After studying vast libraries of data from NASA’s Mars Global Surveyor (MGS) and Mars Reconnaissance Orbiter (MRO), an MIT research team found some interesting facts about Martian snow.
For example, the group found that snow particles around the south pole are slightly smaller than snow around the north pole, with particles at both poles being the size of a red blood cell.
Unlike our water-based snow, the particles on Mars are carbon dioxide-based frozen crystals. Because most of Martian atmosphere is composed of carbon dioxide and because the poles get so cold in winter, the gas condenses to form tiny particles of snow in the air.
“These are very fine particles, not big flakes, “ reports Keri Cahoy, Boeing Career Development Assistant Professor of Aeronautics and Astronautics at MIT. Were the particles to eventually fall and settle on the Martian surface,” she continued, “you would probably see it as fog because they’re so small.”
During the course of a 687-day winter, the team found that snow clouds expand from the planet’s poles toward its equator as it gets darker and colder from fall to winter. As winter turns to spring, the snow stretches halfway to the equator before shrinking back toward the poles.
Graduate student Renyu Hu, lead author of the study, used measurements of seasonal variations in the Martian gravitational field to estimate the total mass of carbon dioxide deposited at the two poles. As snow piles up at the poles each winter, the planet’s gravitational field changes slightly. The researchers determined the total mass of snow at the poles by analyzing the gravitational difference from season to season.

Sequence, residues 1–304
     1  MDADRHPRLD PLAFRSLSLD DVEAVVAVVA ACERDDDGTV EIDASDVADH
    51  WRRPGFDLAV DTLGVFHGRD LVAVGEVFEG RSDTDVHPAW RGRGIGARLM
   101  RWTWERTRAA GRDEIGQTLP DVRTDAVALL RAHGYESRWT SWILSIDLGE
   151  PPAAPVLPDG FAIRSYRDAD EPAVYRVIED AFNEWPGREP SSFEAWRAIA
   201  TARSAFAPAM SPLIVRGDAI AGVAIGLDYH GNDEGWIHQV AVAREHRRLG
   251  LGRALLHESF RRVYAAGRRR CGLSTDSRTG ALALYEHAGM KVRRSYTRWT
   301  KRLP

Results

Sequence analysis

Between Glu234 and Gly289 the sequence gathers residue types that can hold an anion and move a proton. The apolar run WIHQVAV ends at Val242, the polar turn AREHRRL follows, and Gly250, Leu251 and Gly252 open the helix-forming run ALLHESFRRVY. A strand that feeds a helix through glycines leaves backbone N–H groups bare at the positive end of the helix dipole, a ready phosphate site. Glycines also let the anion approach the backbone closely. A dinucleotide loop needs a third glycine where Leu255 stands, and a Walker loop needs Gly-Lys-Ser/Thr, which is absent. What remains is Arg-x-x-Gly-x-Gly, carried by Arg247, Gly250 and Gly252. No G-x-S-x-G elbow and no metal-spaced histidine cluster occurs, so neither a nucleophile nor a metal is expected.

Using the total mass, Hu calculated the number of snow particles in a given volume of snow cover. From that data, he determined the size of the particles: At the north pole, molecules of condensed carbon dioxide ranged from 8 to 22 microns; at the south pole particles measured 4 to 13 microns.
“For the first time, using only spacecraft data, we really revealed this phenomenon on Mars,” said Hu.
“Since carbon dioxide makes up most of the Martian climate, understanding how it behaves on the planet will help scientist understand Mars’ overall climate,” observed Paul Hayne, a postdoc in planetary sciences at California Institute of Technology.
“The big-picture question this addresses is how the seasonal ice caps on Mars form,” says Hayne, who wasn’t involved in the research. “The ice could be freezing directly on the surface, or forming as snow particles in the atmosphere and snowing down on the surface . . . this work seems to show that at least in some cases, it’s snowfall rather than direct ice deposition. That’s been suspected for a long time, but this may be the strongest evidence.”
“It’s neat to think that we’ve had spacecraft on or around Mars for over 10 years, and we have all these great datasets,” Cahoy said. “If you put different pieces of them together, you can learn something new just from the data.”
Sources: Discovery News June 19, 2012 MITnews June 19, 2012 Study published in the Journal of Geophysical Research